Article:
Merrill Lynch High Yield Master II

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The Merrill Lynch US High Yield Master II Index (H0A0) is a commonly used benchmark index for high-yield corporate bonds. It is administered by Merrill Lynch. The Master II is a measure of the broad high yield market, unlike the Merrill Lynch BB/B Index, which excludes lower-rated securities.


The High Yield Master II Index came into being in 1989. Martin Fridson, who then headed Merrill Lynch's high yield bond research department, brought a problem to the attention of Phil Galdi, who was responsible for bond indexes. The existing High Yield Master Index excluded two types of issues that were becoming popular because of the boom in leveraged buyout financing, zero-coupon bonds and payment-in-kind (PIK) bonds. Galdi's solution was to maintain the existing rules for the Master Index, but to create a new index that included "zeros" and PIKs. The new Master II was introduced with retroactive data that extended its history back to August 31, 1986.

The BofA Merrill Lynch US High Yield Index tracks the performance of US dollar denominated below investment grade corporate debt publicly issued in the US domestic market. Qualifying securities must have a below investment grade rating (based on an average of Moody’s, S&P and Fitch), at least 18 months to final maturity at the time of issuance, at least one year remaining term to final maturity as of the rebalancing date, a fixed coupon schedule and a minimum amount outstanding of $100 million. In addition, qualifying securities must have risk exposure to countries that are members of the FX-G10, Western Europe or territories of the US and Western Europe. The FX-G10 includes all Euro members, the US, Japan, the UK, Canada, Australia, New Zealand, Switzerland, Norway and Sweden. Original issue zero coupon bonds, 144a securities (both with and without registration rights), and pay-in-kind securities (including toggle notes) are included in the index. Callable perpetual securities are included provided they are at least one year from the first call date. Fixed-to-floating rate securities are included provided they are callable within the fixed rate period and are at least one year from the last call prior to the date the bond transitions from a fixed to a floating rate security. Contingent capital securities (“cocos”) are excluded, but capital securities where conversion can be mandated by a regulatory authority, but which have no specified trigger, are included. Other hybrid capital securities, such as those legacy issues that potentially convert into preference shares, those with both cumulative and non-cumulative coupon deferral provisions, and those with alternative coupon satisfaction mechanisms, are also included in the index. Securities issued or marketed primarily to retail investors, equity-linked securities, securities in legal default, hybrid securitized corporates, eurodollar bonds (USD securities not issued in the US domestic market), taxable and tax-exempt US municipal securities and DRD-eligible securities are excluded from the index.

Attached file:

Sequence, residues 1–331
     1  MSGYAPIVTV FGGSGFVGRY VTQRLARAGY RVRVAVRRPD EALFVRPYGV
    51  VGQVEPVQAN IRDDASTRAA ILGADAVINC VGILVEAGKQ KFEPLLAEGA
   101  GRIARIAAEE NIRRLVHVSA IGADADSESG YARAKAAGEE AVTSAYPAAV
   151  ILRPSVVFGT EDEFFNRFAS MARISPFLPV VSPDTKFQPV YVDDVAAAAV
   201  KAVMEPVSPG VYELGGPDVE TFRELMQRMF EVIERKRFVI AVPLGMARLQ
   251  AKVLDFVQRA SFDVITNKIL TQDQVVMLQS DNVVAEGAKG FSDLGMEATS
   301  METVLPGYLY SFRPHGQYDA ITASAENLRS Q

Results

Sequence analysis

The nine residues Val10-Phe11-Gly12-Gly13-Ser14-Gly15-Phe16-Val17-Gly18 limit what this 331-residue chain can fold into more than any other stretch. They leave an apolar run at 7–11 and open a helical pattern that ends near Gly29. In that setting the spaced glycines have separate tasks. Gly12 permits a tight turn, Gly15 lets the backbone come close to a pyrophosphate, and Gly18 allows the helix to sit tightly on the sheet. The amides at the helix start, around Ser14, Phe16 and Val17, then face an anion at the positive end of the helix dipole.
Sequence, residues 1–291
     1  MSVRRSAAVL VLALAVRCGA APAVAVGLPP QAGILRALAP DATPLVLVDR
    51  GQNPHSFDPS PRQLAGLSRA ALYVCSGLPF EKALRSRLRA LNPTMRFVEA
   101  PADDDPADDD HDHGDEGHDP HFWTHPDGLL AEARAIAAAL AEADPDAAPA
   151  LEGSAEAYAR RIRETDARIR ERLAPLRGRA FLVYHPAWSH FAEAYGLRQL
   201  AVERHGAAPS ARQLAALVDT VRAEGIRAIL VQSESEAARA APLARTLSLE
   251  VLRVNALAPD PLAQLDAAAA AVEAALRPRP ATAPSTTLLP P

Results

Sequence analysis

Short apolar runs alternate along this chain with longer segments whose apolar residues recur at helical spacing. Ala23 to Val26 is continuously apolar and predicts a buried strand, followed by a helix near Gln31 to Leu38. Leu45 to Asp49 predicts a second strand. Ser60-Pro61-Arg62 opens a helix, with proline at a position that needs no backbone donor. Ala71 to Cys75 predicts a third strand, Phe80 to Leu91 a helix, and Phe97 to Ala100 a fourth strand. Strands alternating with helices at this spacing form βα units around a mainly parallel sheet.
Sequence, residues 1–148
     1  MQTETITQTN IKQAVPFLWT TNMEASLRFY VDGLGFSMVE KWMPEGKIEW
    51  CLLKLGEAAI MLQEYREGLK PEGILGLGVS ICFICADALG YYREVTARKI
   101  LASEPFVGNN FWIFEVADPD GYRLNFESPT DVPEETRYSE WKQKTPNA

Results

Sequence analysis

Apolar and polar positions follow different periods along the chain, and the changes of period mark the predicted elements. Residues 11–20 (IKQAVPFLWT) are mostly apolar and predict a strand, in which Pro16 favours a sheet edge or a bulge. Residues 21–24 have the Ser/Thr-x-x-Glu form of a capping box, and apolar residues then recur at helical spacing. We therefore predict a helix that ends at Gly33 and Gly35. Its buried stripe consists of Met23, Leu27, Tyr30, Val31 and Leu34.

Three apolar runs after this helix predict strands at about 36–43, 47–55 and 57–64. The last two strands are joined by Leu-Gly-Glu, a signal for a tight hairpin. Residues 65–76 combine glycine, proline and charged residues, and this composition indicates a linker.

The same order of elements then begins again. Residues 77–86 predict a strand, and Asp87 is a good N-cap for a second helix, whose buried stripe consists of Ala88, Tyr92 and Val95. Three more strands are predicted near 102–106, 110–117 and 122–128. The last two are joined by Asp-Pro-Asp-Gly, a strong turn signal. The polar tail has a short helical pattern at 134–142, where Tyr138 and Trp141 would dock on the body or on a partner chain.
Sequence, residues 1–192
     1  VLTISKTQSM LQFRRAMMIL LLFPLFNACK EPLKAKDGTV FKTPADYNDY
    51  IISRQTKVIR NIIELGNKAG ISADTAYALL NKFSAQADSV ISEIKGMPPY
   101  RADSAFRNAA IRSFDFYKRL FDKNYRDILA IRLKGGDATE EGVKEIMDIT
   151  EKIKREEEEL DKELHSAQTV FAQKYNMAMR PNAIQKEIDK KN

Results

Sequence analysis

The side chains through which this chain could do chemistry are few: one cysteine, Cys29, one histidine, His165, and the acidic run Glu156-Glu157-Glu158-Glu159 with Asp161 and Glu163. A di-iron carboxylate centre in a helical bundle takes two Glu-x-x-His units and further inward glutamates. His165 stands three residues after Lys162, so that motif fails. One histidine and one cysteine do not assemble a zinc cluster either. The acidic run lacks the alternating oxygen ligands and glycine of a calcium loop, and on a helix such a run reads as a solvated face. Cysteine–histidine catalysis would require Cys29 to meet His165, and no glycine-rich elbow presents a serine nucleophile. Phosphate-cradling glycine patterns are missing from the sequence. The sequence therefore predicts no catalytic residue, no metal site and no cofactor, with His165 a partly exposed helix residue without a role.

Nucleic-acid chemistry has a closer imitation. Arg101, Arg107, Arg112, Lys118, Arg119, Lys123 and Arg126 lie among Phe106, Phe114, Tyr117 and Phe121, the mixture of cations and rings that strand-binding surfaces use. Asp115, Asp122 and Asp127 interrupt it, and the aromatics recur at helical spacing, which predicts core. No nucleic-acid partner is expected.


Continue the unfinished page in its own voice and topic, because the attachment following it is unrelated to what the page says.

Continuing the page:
Index constituents are capitalization-weighted based on their current amount outstanding times the market price plus accrued interest. Accrued interest is calculated assuming next-day settlement. Cash flows from bond payments that are received during the month are retained in the index until the end of the month and then are removed as part of the rebalancing. Cash does not earn any reinvestment income while it is held in the index. Information concerning constituent bond prices, timing and conventions is provided in the BofA Merrill Lynch Bond Index Guide, which can be accessed on Bloomberg (IND2[go], 4[go]). The index is rebalanced on the last calendar day of the month, based on information available up to and including the third business day before the last business day of the month. No changes are made to constituent holdings other than on month end rebalancing dates. Inception date: August 31, 1986

The above rules take into account all revisions up to and including September 30, 2014[1]

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